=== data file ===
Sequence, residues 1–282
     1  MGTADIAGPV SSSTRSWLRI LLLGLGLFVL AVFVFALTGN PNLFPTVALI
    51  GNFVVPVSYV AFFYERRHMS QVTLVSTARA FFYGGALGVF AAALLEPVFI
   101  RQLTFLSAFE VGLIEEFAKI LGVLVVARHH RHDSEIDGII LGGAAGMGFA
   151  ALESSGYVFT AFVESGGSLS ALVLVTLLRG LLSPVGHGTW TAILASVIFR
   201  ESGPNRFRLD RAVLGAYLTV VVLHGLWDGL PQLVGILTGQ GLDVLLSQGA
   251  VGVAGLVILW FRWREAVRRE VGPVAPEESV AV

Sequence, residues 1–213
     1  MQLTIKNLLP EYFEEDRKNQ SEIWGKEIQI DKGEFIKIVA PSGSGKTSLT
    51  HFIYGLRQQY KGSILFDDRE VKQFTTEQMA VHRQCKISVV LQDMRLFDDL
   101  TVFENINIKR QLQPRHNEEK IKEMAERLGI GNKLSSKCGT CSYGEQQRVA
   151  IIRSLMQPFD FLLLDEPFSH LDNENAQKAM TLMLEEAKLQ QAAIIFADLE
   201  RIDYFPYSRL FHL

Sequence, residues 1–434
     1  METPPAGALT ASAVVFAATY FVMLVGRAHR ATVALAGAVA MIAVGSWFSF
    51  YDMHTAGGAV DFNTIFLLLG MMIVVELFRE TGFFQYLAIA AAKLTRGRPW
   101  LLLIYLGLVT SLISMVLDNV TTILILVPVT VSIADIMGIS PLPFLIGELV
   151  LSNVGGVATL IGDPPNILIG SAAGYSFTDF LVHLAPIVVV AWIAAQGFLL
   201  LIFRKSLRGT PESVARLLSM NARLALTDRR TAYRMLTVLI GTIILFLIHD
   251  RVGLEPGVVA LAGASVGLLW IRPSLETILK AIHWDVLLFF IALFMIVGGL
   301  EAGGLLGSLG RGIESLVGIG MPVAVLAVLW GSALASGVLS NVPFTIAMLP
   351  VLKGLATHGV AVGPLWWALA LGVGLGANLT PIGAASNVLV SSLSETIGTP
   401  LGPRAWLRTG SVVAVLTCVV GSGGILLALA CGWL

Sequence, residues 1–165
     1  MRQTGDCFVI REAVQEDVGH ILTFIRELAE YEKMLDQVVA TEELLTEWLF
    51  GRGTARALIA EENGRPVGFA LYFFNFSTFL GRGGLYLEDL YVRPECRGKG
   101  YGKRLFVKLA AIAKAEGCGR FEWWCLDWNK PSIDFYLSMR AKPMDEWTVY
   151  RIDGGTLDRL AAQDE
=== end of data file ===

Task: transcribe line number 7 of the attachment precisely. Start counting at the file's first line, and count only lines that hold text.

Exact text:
   251  VGVAGLVILW FRWREAVRRE VGPVAPEESV AV